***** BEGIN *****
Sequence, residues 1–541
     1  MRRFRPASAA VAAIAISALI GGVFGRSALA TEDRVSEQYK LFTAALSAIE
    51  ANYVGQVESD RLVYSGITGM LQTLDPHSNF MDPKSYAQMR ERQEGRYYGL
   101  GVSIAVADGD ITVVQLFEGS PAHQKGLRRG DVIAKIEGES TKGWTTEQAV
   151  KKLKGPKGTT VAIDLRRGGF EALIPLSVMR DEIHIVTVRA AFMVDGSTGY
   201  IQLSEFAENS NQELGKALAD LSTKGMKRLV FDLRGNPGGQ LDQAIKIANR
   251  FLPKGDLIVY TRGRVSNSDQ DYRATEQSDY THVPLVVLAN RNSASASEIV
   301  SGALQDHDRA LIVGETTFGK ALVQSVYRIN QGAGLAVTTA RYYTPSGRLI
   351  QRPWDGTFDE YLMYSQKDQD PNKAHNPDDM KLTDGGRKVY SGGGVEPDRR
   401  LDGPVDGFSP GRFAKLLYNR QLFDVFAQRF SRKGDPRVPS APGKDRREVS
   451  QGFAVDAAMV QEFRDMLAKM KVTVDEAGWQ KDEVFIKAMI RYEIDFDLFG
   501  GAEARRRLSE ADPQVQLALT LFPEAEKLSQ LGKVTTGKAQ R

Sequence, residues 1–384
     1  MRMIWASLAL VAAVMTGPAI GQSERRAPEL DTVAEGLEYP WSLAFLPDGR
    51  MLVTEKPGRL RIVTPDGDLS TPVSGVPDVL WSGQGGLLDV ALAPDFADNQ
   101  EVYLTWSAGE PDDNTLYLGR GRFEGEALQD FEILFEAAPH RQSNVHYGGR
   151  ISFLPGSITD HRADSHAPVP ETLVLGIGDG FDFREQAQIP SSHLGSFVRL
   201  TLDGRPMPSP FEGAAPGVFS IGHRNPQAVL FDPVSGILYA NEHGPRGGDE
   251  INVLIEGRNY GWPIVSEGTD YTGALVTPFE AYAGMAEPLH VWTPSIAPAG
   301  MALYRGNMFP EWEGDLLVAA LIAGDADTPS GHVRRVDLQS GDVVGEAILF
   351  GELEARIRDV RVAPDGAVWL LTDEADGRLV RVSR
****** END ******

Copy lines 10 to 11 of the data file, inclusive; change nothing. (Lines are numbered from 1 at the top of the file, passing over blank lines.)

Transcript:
   401  LDGPVDGFSP GRFAKLLYNR QLFDVFAQRF SRKGDPRVPS APGKDRREVS
   451  QGFAVDAAMV QEFRDMLAKM KVTVDEAGWQ KDEVFIKAMI RYEIDFDLFG